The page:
There are mornings in which words are too much; the previous night’s tension has not yet left my jaw, and the stream of questions and entreats–rapid-fired from little mouths which don’t yet require caffeine–proves too much for my overwrought mind. Like the aspens which bend before my window in pre-dawn wind, I too have spent a night being battered: by images, by fragments of what I said and she said; by imaginings and second thoughts about the shape of a scraggly juniper which, the day before, met its match in a pair of long, sharp shears. It can be anything, these ruminations that keep me up at night.
And then there are the voices of my day, those which emanate unrehearsed, live from the moment as it uncoils. I want to savor these young voices, to delight in staccato speech and the sputtering of words just learned. But at times, my need for stillness and silence prevents me from such revelry. At times, I seek only to tame the wild moment, because the unpredictability of parenting—which in my mind leans toward chaos—can prove too much for my pattern-seeking nature.
I’ve written often about my difficulty with motherhood (here, here and here, for example). And each time I do so, I worry about how my daughters will respond when they, one day, read the ancient musings of their mother. Will they confuse my feelings about the role of motherhood with my feelings about them? Will they believe, if I acknowledge frustration with the fact that motherhood tends to be isolating and repetitious for me, that I love them less? Or that they are responsible for my feelings?
The concept of modern motherhood is nothing if not a contradiction: we are told that we’re responsible for everything our child does, but then that we’ve overstepped our bounds and become too controlling; we are told to keep all potentially harmful substances—from pesticides to plastics–away from our children, but then told we should give our kids freedom and room to roam; we are taught to attend to their emotional, social, physical, intellectual, and spiritual needs, but then written off as helicopter parents, unable to separate from the children we’ve inadvertently smothered. (But don’t dare back too far away from your precious and needy children, lest you want to be called selfish–perhaps the biggest sin in motherhood.)
This confusion about the optimal distance between mother and child boils down to this: Are mothers supposed to have their own lives and experiences, independent from those of their children? Most of us would answer a resounding “yes.” Yet it’s likely we still fear that our distance may harm our children, because it implies that our availability will be limited. (If you disagree, consider the so-called Mommy wars, and the heated debate about whether the children of working mothers are damaged by being in daycare; this remains an emotionally loaded and highly provocative issue.)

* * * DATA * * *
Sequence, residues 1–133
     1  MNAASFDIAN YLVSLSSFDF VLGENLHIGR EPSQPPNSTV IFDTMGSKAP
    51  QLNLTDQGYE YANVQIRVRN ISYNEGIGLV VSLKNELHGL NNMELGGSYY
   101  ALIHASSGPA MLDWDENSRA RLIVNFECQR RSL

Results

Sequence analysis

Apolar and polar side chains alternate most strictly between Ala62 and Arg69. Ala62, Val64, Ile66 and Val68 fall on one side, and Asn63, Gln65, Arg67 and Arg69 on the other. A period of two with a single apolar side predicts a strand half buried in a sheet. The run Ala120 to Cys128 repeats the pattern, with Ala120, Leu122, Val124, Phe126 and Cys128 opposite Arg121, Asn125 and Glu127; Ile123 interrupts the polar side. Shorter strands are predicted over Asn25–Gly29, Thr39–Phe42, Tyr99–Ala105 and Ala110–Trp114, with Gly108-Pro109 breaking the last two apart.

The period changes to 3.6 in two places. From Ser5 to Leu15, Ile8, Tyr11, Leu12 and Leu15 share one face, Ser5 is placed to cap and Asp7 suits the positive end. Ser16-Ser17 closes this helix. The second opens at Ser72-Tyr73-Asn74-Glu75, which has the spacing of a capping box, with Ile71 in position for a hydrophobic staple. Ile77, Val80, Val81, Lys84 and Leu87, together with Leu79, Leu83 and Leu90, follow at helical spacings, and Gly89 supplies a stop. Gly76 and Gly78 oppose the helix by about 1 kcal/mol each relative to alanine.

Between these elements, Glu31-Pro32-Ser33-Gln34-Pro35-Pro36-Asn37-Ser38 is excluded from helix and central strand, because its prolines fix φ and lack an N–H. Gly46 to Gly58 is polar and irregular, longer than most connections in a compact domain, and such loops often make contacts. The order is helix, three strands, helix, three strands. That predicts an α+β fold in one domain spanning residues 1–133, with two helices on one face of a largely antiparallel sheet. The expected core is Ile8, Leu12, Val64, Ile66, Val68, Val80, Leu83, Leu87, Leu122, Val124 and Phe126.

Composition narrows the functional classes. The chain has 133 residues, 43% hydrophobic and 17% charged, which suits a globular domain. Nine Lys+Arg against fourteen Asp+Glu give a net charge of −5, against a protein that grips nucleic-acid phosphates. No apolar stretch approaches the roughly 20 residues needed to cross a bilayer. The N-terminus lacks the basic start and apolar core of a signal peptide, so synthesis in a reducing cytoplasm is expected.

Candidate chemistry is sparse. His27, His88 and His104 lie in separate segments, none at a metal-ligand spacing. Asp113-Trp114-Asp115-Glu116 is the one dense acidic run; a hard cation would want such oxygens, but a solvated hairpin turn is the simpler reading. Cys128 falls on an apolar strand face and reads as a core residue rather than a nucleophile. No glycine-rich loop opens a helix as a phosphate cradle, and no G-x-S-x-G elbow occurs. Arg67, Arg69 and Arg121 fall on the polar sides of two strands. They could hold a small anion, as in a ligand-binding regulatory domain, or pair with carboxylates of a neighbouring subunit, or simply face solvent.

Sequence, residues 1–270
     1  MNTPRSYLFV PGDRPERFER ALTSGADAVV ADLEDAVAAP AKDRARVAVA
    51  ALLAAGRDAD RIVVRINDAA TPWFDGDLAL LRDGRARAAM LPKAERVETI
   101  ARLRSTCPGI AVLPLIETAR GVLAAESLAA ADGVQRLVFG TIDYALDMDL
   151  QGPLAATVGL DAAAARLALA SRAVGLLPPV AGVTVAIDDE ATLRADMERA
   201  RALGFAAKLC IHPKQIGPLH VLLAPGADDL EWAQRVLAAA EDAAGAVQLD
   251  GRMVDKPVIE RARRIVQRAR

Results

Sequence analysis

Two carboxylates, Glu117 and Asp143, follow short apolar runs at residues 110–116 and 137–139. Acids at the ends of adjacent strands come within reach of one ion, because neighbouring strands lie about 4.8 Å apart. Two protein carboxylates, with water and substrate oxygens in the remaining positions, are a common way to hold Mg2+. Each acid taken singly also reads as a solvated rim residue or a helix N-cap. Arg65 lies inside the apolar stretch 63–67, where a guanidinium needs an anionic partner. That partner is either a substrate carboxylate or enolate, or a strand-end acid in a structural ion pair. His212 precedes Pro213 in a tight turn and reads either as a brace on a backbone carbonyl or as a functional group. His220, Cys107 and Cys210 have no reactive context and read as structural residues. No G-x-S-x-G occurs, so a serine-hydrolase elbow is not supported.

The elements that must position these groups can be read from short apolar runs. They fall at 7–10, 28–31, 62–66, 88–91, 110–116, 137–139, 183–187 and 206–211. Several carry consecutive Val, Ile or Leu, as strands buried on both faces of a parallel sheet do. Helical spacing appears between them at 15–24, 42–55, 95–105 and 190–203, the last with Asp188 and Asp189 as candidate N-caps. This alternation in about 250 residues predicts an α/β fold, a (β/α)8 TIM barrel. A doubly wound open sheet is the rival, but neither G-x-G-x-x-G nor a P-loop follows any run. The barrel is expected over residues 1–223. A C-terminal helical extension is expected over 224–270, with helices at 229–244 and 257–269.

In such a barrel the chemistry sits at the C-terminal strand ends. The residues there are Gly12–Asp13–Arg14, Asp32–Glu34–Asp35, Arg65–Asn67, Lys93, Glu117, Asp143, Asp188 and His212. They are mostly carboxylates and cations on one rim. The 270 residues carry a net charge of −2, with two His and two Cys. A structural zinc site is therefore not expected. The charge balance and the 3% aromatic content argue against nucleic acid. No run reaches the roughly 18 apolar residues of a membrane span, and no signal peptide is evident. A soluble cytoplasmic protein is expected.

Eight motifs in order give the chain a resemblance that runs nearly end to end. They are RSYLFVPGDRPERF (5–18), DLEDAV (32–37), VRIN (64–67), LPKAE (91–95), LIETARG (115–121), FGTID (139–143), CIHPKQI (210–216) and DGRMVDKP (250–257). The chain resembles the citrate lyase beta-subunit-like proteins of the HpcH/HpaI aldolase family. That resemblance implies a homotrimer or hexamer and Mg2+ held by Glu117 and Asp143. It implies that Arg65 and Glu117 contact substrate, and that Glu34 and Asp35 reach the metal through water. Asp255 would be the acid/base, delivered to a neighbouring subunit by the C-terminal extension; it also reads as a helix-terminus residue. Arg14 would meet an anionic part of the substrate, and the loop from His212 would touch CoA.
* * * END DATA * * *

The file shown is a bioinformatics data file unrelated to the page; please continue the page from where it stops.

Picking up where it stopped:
Another incarnation of this question is whether mothers are entitled to have—and give voice to—their negative experiences with motherhood. Publicly acknowledging such sentiments may feel taboo, as though a sacred institutional pact has been breached by a disloyal member.
Then there is the idea that our children will be harmed if we articulate the challenges of motherhood or show them that we’re struggling. It is true that a parent’s emotional outpouring can be distressing or even damaging for a child, particularly if it is accompanied by abusive behavior, or if it is ongoing and representative of mental illness. And children shouldn’t be asked to provide counsel or emotional support to parents struggling with their own issues. But I suspect that our fear of acknowledging maternal dissatisfaction derives not just from our desire to protect children, but from the age-old belief that women are not full-fledged subjects in their own lives, entitled to their own experiences and reactions, but rather baby-making machines.
On days in which parenting takes the wind from my sails, I think of the ballerina in my daughter’s musical jewelry box. Each time the box is opened, I’m surprised to see her spring to life; I assume that she’s been permanently destroyed, due to rough treatment from dirt-encrusted hands and a sharp hinge which comes dangerously close to decapitating her. But there she is, rising again when the box is next opened, turning steadily as ever to the tune of “It’s a Small World.”
Most mothers can likely relate to this tenacious plastic doll: we endure and persevere, and sometimes surprise ourselves with our own resiliency. But, unlike the doll, we need to vent and spill and gripe about our lives, especially on days when our own spring fails–days when we’re not sure we’re cut out for this thing called motherhood. In the end, there is no template, no right way to be a mom. And at times, we all feel dissatisfaction and despair. But ideally we can surround ourselves not just with children and their buckets of toys and clothes and carriers, but with other mothers who speak their truth and say, “I hear you” when we speak ours.
How about you–do you tell others if you’re struggling? And do you think mothers are encouraged to speak of their dissatisfaction with the role?
Photo by Tilemahos Efthimiadis, via Flickr’s Creative Commons License.